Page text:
Aug 17, 2020

Tom Ryan

A new study from ABI Research predicts that the pandemic will significantly slow consumer smart home purchases in 2020 and accelerate growth in the years ahead.

“The pandemic is a double-edged sword for the smart home industry,” said Jonathan Collins, smart home research director at ABI Research, in a statement. “While the immediate impact may be negative, many of the long-term and structural changes to consumer lives initiated in 2020 will have a lasting positive impact that will help to drive adoption.”

The firm now expects smart home revenues to be up four percent over 2019, down from growth of 21 percent projected pre-pandemic. The culprits include economic uncertainty, installation and physical retail restrictions, and manufacturing disruptions.

By 2026, however, ABI Research predicts the smart home market will be up five percent over pre-COVID-19 forecasts to $317 billion as smart home technology cements its value. As an example, Mr. Collins points to how Amazon’s Alexa platform can support a household’s entire shopping process, from list creation to delivery management.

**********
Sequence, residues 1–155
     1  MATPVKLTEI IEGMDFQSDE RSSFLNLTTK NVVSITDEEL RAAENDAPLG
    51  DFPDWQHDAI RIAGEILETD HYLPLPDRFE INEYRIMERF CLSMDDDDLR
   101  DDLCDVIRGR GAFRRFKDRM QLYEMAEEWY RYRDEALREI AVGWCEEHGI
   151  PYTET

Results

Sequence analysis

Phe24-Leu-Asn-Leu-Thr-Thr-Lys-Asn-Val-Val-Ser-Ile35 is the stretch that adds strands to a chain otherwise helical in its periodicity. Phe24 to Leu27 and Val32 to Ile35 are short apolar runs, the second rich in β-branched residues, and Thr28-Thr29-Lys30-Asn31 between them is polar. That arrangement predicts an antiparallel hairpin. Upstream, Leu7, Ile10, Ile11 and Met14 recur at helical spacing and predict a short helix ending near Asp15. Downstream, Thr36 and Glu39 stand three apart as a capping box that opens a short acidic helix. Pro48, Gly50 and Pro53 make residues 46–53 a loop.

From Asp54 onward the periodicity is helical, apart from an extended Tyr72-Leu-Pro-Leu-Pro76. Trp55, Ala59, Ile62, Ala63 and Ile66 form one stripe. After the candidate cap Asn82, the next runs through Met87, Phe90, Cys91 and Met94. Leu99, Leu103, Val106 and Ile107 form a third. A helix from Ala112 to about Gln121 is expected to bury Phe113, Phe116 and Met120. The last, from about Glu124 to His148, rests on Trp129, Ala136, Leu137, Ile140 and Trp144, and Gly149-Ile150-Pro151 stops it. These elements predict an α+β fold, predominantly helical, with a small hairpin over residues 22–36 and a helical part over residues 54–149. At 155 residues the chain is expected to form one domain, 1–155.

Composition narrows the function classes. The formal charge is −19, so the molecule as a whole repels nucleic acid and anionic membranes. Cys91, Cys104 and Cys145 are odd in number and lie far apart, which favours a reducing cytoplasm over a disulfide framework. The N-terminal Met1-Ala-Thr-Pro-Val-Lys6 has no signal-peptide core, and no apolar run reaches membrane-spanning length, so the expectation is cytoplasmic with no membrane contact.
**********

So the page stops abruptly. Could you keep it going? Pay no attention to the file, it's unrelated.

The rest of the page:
Z-Wave Alliance’s “State of the Ecosystem Report” anticipates that smart doorbells and water sensors, partly due to incentives from home insurance carriers, will see the fastest growth among categories through 2025.

Increasing demand for smartphone enabled home entertainment devices are expected in coming years due, in part, to lockdowns. Mitchell Klein, executive director, Z-Wave, said in an interview with Hiddenwires, “With more people spending time at home streaming content, working, and learning, there is a renewed focus on using smart home technology to keep people connected inside the home and from a distance.”

In Z-Wave’s report, Jennifer Pattison Tuohy, an editor at Dwell Magazine, cited complexity, interoperability and longevity as the largest hurdles to mass consumer adoption of the smart home.

She said, “Complexity because consumers don’t want to spend their weekends installing/troubleshooting their homes. Interoperability because consumers don’t want to buy something unless they know it will work with everything they have in their home now (and might want in the future). And longevity because consumers are scared by the all too common reports of the death of smart home devices.”

DISCUSSION QUESTIONS: Will COVID-19 speed up or slow the adoption of smart home technology by consumers? Have the hurdles preventing adoption changed?


“I’m still waiting for one company to take the lead on smart home deployment. “